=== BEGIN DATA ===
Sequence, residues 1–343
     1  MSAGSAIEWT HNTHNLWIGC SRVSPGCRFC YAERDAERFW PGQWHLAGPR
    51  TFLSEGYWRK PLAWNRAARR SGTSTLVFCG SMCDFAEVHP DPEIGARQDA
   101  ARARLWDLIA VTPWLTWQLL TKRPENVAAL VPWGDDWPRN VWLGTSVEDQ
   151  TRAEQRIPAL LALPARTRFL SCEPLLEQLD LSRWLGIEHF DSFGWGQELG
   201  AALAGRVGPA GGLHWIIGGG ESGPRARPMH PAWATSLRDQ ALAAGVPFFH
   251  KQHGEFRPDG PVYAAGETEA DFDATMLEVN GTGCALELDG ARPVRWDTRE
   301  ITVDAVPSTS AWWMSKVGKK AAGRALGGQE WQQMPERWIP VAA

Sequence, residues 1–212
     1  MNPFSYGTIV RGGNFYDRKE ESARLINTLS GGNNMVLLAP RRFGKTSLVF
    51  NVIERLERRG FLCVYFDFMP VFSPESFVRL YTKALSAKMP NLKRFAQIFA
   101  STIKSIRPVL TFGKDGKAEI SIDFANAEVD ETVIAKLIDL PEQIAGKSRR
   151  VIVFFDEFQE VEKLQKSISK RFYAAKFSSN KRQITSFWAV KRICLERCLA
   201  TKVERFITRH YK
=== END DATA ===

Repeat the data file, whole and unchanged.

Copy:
Sequence, residues 1–343
     1  MSAGSAIEWT HNTHNLWIGC SRVSPGCRFC YAERDAERFW PGQWHLAGPR
    51  TFLSEGYWRK PLAWNRAARR SGTSTLVFCG SMCDFAEVHP DPEIGARQDA
   101  ARARLWDLIA VTPWLTWQLL TKRPENVAAL VPWGDDWPRN VWLGTSVEDQ
   151  TRAEQRIPAL LALPARTRFL SCEPLLEQLD LSRWLGIEHF DSFGWGQELG
   201  AALAGRVGPA GGLHWIIGGG ESGPRARPMH PAWATSLRDQ ALAAGVPFFH
   251  KQHGEFRPDG PVYAAGETEA DFDATMLEVN GTGCALELDG ARPVRWDTRE
   301  ITVDAVPSTS AWWMSKVGKK AAGRALGGQE WQQMPERWIP VAA

Sequence, residues 1–212
     1  MNPFSYGTIV RGGNFYDRKE ESARLINTLS GGNNMVLLAP RRFGKTSLVF
    51  NVIERLERRG FLCVYFDFMP VFSPESFVRL YTKALSAKMP NLKRFAQIFA
   101  STIKSIRPVL TFGKDGKAEI SIDFANAEVD ETVIAKLIDL PEQIAGKSRR
   151  VIVFFDEFQE VEKLQKSISK RFYAAKFSSN KRQITSFWAV KRICLERCLA
   201  TKVERFITRH YK